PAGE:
“It’s got a really good atmosphere, especially if you make it to the semifinals or the finals,” said Flowery Branch girls coach Hazel Hall, in her seventh season as head coach and eighth overall with the Lady Falcons. “The place will be packed and the place will be loud. And you won’t be able to hear anything.”
Benjie Wood was the girls coach at Johnson for six seasons and coached the North Hall boys for seven years. He’s now in his second season at the helm of the Gainesville boys program, which is off to a 10-0 start led by junior guard and Mississippi State commitment D’Marcus Simonds. Wood noted that former players always remember what year they won Lanierland.
“If you win the Lanierland Tournament, that’s a big deal and that’s bragging rights,” Wood said. “People that grow up here understand how important that tournament is.”
This is a rare year where the tournament is after Christmas after usually being played earlier in December. East Hall girls coach Justin Wheeler is grateful the tournament starts on Dec. 27 so his team can practice the day after Christmas. East Hall boys coach Joe Dix said teams should be sharper than they were at the tournament in previous years because they have more games under their belt.
Either way, nothing will come easy in the eight-team brackets for the boys or girls teams. Dix is hopeful a demanding early slate, including a tournament in Alabama, has his guys ready.
“Hopefully it’s prepared us,” Dix said. “We’re going to see some quickness and some size. Three games in four days is tough, too.”
Steele said Gainesville should be the boys favorite but that the Red Elephants, like everyone else, have a hard road to the title. Wood pointed to Johnson but said everybody is good.
Familiarity doesn’t hurt the cause of hotly-contested matchups, either.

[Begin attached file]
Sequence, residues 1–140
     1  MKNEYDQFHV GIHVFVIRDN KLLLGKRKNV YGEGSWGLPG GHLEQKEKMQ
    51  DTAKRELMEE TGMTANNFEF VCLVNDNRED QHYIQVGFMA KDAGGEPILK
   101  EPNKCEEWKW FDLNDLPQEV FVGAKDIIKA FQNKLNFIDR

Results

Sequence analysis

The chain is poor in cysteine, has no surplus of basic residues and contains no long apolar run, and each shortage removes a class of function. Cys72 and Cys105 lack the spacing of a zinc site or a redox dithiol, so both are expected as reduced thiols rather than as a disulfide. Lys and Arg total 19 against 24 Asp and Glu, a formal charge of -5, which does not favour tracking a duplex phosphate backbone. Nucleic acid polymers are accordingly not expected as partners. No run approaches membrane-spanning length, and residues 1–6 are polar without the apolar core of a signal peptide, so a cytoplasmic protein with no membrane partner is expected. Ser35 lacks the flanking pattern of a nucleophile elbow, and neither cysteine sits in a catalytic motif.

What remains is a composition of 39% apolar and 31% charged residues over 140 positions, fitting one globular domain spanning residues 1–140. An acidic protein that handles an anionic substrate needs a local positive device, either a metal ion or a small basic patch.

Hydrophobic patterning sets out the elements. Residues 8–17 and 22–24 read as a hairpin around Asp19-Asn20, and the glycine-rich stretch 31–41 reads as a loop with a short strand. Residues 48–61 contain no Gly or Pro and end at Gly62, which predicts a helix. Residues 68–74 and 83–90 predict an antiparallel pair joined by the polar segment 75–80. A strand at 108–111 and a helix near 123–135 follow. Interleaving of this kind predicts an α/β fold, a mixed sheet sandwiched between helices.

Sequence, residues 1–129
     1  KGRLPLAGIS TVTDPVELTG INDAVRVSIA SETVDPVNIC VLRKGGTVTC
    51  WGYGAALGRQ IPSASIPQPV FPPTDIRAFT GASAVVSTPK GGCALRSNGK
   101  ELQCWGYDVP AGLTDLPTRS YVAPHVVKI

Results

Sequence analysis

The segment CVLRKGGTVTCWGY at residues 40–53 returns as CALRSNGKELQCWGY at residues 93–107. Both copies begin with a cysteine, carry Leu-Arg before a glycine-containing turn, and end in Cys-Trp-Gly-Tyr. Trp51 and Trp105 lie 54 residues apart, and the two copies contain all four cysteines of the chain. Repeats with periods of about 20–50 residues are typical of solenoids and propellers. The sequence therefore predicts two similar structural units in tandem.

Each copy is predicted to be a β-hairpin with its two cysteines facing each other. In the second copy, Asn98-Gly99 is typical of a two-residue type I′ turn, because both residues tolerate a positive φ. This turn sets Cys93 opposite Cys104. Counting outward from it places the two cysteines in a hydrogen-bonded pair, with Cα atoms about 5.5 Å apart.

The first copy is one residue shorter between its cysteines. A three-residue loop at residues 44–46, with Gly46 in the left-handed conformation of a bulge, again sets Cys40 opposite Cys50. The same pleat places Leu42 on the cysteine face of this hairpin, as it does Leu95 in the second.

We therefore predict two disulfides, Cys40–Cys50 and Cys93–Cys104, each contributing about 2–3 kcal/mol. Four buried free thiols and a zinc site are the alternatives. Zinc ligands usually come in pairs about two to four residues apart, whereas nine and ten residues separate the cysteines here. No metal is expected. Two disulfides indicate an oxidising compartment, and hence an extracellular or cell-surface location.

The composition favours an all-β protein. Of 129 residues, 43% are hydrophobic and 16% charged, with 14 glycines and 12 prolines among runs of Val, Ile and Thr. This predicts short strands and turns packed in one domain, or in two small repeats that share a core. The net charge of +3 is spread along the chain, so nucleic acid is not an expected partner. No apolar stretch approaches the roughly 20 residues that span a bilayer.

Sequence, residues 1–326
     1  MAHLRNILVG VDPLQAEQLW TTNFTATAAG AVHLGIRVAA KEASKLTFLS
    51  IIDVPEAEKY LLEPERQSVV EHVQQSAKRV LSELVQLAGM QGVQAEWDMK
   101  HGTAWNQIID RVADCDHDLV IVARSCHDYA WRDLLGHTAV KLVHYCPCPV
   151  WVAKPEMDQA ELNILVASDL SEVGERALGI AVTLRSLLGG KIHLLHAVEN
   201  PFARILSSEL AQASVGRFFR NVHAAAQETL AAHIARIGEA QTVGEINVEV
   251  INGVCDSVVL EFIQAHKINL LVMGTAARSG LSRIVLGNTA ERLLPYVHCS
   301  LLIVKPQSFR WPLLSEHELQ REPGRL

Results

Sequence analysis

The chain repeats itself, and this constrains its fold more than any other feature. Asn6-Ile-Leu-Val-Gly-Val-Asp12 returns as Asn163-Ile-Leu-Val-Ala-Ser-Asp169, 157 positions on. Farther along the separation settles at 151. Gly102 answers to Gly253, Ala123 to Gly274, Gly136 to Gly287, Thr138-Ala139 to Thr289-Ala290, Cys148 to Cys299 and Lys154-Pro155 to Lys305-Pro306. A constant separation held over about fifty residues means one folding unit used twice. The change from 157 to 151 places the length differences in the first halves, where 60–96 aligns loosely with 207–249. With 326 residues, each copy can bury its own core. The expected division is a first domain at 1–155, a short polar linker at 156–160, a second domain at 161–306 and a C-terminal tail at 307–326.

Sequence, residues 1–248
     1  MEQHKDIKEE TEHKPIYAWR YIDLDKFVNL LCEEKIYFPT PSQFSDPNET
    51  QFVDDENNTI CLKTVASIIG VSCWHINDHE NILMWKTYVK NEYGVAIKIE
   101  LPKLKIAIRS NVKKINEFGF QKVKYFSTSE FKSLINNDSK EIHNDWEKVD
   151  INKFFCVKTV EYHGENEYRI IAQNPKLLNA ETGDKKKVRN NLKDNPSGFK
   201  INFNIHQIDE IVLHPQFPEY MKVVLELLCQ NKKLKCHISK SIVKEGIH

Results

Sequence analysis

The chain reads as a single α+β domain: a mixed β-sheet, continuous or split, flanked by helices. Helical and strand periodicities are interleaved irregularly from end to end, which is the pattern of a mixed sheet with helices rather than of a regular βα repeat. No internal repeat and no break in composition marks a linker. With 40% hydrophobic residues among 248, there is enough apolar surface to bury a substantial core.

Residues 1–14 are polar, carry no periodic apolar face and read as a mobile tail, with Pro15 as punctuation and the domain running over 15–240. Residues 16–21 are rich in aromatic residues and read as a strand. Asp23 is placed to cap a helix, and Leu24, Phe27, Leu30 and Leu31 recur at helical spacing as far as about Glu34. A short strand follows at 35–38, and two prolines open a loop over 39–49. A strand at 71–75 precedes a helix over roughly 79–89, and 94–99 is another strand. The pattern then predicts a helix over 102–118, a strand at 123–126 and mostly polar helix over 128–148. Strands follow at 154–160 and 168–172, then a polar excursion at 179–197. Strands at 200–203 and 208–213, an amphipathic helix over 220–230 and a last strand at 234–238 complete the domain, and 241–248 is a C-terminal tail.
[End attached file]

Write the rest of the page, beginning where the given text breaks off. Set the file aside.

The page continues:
“Everybody knows each other so well,” Steele said. “That’s one thing that makes it so competitive. These kids know each other so well. They raise their levels. Nothing would surprise me.”
Like Hill-Gilmore said, the players on opposing teams are friends. Some of them play AAU together.
“The rivalry is there,” Hill-Gilmore said. “Nobody wants to lose to their friends.”
Wheeler is grateful to be in his second year as part of the historic tournament, which began in 1959. It will be a good measuring stick for the Lady Vikings.
“Right now we’re just trying to buckle down and focus and regroup and have a good showing,” Wheeler said.
The chance to repeat is something that will energize Steele’s players, though he knows the Knights can’t rest on their laurels.
“It’ll be huge for my guys. Obviously, they feel good about it. We’re sitting here 9-0, and we’ve played some pretty good teams,” Steele said. “It’s my job and my assistants’ job to make sure these guys are hungry and humble.”
The coaches agree it should be wide-open for both the boys and girls titles and that no one can overlook an opponent.
“It really depends on who gets hot at that time,” Wood said.